05.12.2019, 14-16h – Lecture and discussion in exLabIII
with Christoph Marischka from the “Informationsstelle Militarisierung”
Where does the war begin?
In Paul Virilio’s idea of “pure war”, the military had already disappeared into technology at the beginning of the last century. “Pure war” broke away from the traditional institutions of the military. For more than 15 years, public research funding in Germany and the EU has concentrated on militarily relevant technologies such as pattern and situation recognition through artificial intelligence under the banner of “security research”.
The current tendency to network everything with everything else, to collect all conceivable data and use this to calculate the future corresponds to the long-cherished vision of “networked warfare” in a “transparent battlefield” – and is directly implemented in current military strategies.
Against this background, the tranquil university town of Tübingen is to become a top location for the development of artificial intelligence in Europe, modelled on the Sillicon Valley. The future is to be actively shaped here – but a closer look at the partners, sponsors and donors makes it clear that research is primarily intended to serve their interests. Participants include Amazon, the automotive industry and, to some extent, the arms industry. For this reason, resistance was raised against the research project, which led to an intensive public discussion about AI in the city. In his lecture, Christoph Marischka presents and discusses this Tübingen resistance movement. He asks, quasi from their midst, for ways of jointly formulating cultural, political and social consequences of AI technologies.
In his forthcoming book “Cyber Valley – Accident of Knowledge”, Marischka puts forward the thesis that Tübingen’s Cyber Valley is to be understood as part of a general “accident of knowledge”, and thus again refers directly to Virilio’s figure of thought: “Should we speak of an ‘intelligence bomb’ that is currently being developed in analogy to research on the atomic bomb in World War II? The thesis underlying this book is that the intelligence bomb is not something that is completed at a certain place at a certain time and then consciously or unconsciously ignited by a definable event, but that its effect has been unfolding for years – as an accident of knowledge”.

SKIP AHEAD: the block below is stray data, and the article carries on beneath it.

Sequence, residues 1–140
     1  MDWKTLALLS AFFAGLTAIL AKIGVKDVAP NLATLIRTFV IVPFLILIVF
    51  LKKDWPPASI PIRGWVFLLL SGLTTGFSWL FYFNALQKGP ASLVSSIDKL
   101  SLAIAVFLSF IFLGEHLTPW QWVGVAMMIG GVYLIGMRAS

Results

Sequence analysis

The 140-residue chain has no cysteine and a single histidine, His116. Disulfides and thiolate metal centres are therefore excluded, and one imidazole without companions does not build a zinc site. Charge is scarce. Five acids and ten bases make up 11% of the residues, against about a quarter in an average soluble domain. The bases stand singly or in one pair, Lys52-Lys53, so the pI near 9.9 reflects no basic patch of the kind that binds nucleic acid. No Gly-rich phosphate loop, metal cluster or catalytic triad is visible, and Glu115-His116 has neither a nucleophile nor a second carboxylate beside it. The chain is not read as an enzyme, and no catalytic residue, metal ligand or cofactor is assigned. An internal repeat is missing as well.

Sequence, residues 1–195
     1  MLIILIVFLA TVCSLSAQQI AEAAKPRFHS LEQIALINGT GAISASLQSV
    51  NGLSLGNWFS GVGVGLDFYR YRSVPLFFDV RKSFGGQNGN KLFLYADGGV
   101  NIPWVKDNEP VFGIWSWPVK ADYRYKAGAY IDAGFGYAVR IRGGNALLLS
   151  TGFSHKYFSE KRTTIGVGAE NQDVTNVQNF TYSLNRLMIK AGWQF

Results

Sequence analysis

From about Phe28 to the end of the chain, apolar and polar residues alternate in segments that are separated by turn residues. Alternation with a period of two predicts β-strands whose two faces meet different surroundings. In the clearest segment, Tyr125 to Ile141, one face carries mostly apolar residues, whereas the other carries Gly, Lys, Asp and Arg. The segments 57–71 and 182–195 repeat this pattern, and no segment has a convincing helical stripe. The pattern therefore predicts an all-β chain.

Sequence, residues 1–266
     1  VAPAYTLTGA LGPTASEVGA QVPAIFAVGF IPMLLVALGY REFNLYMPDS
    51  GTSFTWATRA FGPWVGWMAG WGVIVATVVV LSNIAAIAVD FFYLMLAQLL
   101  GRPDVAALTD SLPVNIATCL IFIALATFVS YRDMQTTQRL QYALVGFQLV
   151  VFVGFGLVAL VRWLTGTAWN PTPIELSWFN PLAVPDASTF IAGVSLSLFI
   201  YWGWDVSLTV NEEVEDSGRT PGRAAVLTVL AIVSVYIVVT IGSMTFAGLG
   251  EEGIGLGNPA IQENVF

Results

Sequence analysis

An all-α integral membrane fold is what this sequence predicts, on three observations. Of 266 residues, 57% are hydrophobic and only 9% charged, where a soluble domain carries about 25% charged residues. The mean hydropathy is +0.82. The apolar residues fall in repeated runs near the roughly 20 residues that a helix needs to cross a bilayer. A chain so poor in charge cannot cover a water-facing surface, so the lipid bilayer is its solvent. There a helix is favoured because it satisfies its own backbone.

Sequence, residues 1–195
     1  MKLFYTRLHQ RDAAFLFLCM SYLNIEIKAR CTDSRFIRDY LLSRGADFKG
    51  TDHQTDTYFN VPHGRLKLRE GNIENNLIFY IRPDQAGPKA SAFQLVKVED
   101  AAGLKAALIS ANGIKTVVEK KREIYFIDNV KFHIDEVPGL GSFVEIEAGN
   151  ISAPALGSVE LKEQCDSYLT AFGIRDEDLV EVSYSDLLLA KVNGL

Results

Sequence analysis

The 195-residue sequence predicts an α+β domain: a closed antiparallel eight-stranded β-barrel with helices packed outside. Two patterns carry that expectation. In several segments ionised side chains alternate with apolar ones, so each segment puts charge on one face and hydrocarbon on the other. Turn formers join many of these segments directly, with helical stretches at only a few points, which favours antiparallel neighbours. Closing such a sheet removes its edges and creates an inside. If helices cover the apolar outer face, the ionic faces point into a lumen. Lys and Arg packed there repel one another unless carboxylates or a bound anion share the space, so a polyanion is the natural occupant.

Christoph Marischka is a political scientist and a member of the board of the Informationsstelle Militarisierung (IMI) e.V. (Information Office on Militarization), where he deals in particular with Africa policy and Enlightenment technology as well as their publicly funded research landscapes. Among other things, he was involved in the creation of the “Drone Research Atlas” (http://www.imi-online.de/2013/12/06/drohnenforschungsatlas/) in 2013 and continuously writes analyses that critically deal with corresponding technologies – which already structure our everyday life in their development. Accordingly, he is currently also active in the “Alliance against the Cyber Valley” and is trying to prevent the emergence of this research campus in front of his doorstep.
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